Florida Attorney General Ashley Moody has issued a Consumer Alert about new scams related to the COVID-19 pandemic. The scams run the gambit from text messages and phone calls to imposters posing as health workers offering free COVID-19 tests. The bottom line is Floridians need to be on the lookout for scams and never provide personal or financial information to solicitors.
“Sadly, scammers never stop trying to make a dishonest dollar—not even amid a pandemic,” General Moody stated in a prepared release. “If you receive an unsolicited text message, email, phone call or any other communication claiming a cash payment, government benefit or other COVID-19 related offer, be very suspicious. Guard your personal and financial information and report scams to my office.”
Reports have emerged of Floridians receiving text messages requesting they click on a link to claim a $1,000 payment. Apparently connected to a COVID-19 federal stimulus package, the link most likely contains malware. Never click on links in unsolicited text messages or e-mails. A virus could be downloaded to your smartphone or computer.
The U. S. Department of Health and Human Services Office of Inspector General is reporting a scam involving fraudsters calling older Americans and offering to mail them free COVID-19 test kits. The scammers claim all they need from the senior to send the free kit is the target’s Medicare number. Never provide health information, or any other personal information, in response to an unsolicited phone call, text message or e-mail.
Law enforcement agencies in South Florida have issued alerts about people dressed in white lab coats and masks impersonating Centers for Disease Control and Prevention workers. These imposters are reportedly knocking on doors offering free COVID-19 tests. The CDC is not sending people door-to-door to test for COVID-19. If an impersonator shows up at your door, do not let them in. Close the door immediately and contact your local police or sheriff’s office by dialing 911.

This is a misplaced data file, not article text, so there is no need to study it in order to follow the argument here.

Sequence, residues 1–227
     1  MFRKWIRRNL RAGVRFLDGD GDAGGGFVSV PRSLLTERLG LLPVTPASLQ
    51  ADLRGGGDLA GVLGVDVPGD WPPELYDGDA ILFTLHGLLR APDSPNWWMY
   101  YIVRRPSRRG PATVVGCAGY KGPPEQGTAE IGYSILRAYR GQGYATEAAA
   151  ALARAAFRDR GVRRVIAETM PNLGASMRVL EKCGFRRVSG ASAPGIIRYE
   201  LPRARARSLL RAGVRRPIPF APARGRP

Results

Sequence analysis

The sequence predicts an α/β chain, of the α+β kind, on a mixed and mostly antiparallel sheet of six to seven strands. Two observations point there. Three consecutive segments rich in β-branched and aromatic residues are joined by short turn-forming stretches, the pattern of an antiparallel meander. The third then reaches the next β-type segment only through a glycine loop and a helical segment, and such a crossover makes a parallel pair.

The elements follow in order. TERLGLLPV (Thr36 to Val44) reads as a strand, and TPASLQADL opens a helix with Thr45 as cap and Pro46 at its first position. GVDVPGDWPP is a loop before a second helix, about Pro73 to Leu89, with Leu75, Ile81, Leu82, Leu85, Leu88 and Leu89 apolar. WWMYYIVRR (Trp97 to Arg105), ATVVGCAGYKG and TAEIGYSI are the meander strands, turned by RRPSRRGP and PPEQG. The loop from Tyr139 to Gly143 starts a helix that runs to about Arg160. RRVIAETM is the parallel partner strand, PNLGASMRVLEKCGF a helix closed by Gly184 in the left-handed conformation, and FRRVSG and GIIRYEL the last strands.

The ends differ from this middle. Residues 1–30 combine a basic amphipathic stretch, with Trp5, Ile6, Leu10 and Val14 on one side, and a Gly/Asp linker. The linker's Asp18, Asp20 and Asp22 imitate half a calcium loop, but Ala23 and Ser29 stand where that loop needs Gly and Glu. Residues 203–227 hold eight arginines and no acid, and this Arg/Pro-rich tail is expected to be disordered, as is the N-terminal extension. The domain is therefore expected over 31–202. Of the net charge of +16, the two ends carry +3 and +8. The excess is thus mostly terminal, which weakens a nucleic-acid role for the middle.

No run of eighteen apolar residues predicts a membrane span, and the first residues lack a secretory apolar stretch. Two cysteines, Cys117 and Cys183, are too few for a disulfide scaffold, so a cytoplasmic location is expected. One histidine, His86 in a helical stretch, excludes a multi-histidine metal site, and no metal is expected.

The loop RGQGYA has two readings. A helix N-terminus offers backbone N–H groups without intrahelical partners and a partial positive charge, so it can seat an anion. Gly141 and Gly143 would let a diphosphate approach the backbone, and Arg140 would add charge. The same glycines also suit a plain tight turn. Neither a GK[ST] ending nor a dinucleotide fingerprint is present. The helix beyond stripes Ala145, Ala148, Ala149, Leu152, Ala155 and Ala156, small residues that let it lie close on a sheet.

These are just a few of the latest scams emerging as the COVID-19 virus continues to spread. Floridians should be reminded that if an offer seems too good to be true, then it is probably a scam.
Attorney General Moody has also activated Florida’s Price Gouging Hotline in response to the COVID-19 state of emergency. Consumers suspicious of price gouging can report it by calling 1(866) 9NO-SCAM or by visiting MyFloridaLegal.com.
Price gouging can also be reported to the Attorney General’s Office by downloading the free NO SCAM app in the Apple or Android app store. For a list of the commodities covered under the state’s price gouging laws during the COVID-19 state of emergency, click here.